African Journal of

  • Abbreviation: Afr. J. Biotechnol.
  • Language: English
  • ISSN: 1684-5315
  • DOI: 10.5897/AJB
  • Start Year: 2002
  • Published Articles: 12484

Full Length Research Paper

Influence of nitrogen, phosphorus and potassium application on the yield of maize in the savanna zone of Nigeria

Kogbe J. O. S. and Adediran J. A.*
Institute of Agricultural Research and Training, Obafemi Awolowo University, PMB 5029, Ibadan, Nigeria
Email: [email protected]

  •  Published: 31 October 2003



Field trials testing the effects of five rates each of N, P and K application on three hybrid and two open-pollinated maize varieties were conducted in three separate experiments on an Arenic haplustalf (USDA) at Ilora in the derived savanna and Typic paleustalf (USDA) at Mokwa in the southern guinea savanna of Nigeria. The hybrid maize varieties planted were 8516-12, 8321-18 and 8329-15 and were compared with the open-pollinated maize, TZSR-Y and TZSR-W.  Nitrogen was applied at rates 0-200 kg ha-1 in the first trial, while P and K were supplied as basal nutrients. In the second trial, P was applied at rates 0- 80 kg P2O5 ha-1 using basal N and K fertilizers.  In another trial, K was applied at rates 0-120 kg ha-1 with blanket application of N and P. The hybrid maize gave higher yields and used N and P more efficiently than the open pollinated at both trial locations. The yield of maize was higher in the southern guinea savanna than in the derived savanna. The performance of the hybrid varieties followed in the ascending order of 8516-12, 8321-18 and 8329-15. The optimum rates of N and P for maize grown in the derived savanna were 100 and 40 kg ha-1respectively. In the southern guinea savanna the open pollinated and hybrid varieties responded up to 150 and 200 kg N ha-1 respectively. The 8516-12 showed higher N and P use efficiency than other varieties. Consequently, planting such variety could be advantageous, using minimal dose of fertilizer most especially, where farmers have less access to fertilizer.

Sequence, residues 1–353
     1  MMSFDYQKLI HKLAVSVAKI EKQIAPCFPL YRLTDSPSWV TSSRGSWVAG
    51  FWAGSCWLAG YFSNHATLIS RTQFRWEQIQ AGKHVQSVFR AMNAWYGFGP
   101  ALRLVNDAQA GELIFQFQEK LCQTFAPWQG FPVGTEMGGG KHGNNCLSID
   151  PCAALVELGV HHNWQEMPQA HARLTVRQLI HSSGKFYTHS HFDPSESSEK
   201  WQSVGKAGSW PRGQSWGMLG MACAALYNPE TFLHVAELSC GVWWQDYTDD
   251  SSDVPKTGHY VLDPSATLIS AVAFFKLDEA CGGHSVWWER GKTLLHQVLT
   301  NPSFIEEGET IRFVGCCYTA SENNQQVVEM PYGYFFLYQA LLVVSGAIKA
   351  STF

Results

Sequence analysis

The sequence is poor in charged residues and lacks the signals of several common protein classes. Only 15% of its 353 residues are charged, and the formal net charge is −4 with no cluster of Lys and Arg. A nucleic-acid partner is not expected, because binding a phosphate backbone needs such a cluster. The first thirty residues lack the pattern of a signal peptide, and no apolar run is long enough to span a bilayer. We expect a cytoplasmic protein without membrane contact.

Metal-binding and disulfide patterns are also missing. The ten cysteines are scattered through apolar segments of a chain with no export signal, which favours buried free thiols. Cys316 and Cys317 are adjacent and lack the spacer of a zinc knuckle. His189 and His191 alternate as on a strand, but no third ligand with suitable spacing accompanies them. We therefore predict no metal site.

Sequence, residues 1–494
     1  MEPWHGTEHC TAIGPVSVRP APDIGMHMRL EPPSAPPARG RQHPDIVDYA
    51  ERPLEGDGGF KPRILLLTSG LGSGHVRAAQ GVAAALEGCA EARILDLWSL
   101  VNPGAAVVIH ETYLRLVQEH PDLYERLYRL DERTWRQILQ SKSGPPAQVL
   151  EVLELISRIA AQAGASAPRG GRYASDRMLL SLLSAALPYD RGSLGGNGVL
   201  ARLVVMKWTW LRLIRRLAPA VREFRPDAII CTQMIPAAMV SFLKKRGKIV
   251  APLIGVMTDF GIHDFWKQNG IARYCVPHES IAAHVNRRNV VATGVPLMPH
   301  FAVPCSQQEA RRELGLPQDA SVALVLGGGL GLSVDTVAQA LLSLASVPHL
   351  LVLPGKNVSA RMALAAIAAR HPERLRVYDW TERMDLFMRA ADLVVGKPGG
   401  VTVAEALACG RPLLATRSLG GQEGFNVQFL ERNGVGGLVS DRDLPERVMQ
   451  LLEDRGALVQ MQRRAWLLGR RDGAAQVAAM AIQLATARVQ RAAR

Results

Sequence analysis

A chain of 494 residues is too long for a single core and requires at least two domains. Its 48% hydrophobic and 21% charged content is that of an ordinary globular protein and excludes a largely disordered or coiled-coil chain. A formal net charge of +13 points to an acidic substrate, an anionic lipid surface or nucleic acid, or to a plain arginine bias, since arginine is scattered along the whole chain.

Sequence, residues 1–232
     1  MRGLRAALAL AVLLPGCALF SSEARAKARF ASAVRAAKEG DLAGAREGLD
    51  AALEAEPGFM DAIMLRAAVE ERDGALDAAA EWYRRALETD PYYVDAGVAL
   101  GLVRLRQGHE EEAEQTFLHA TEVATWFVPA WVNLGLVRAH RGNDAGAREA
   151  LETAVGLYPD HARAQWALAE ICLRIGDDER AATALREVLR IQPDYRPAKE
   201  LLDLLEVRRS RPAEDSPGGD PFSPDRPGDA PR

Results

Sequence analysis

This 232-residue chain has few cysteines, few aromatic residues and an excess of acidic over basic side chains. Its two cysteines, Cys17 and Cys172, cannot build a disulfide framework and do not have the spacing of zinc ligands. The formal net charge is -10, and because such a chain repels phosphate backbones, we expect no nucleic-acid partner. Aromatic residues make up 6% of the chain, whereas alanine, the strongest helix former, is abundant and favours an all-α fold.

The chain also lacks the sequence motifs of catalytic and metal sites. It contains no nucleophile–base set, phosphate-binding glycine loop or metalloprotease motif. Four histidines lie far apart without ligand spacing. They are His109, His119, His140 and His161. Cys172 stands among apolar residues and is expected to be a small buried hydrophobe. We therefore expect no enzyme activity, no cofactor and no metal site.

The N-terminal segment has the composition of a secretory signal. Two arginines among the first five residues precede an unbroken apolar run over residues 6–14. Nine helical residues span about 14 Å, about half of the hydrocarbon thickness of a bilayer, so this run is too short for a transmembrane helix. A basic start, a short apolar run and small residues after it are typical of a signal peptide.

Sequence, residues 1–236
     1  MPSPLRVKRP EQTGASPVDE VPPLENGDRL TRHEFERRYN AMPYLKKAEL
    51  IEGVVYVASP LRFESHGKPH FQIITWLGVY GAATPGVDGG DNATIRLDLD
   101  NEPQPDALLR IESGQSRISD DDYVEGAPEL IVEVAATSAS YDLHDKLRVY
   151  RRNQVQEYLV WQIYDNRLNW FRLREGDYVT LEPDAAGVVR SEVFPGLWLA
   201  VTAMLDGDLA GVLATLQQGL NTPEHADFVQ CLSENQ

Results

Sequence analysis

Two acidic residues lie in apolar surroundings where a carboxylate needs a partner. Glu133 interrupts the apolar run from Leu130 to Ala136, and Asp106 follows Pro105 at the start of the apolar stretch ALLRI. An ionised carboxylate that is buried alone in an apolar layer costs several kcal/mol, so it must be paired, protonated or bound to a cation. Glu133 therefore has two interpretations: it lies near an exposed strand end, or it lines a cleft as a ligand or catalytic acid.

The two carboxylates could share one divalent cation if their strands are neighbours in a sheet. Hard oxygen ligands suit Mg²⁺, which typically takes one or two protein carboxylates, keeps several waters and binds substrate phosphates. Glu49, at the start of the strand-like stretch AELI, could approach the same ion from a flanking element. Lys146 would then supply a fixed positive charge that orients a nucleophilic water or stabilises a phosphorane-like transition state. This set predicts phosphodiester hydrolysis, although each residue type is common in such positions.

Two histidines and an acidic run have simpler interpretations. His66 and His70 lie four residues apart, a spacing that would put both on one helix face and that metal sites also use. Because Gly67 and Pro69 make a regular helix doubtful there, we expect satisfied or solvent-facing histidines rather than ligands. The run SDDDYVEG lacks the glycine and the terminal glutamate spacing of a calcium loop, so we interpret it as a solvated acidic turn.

Key words: Hybrid maize, open pollinated maize, nitrogen use efficiency, phosphorus use efficiency.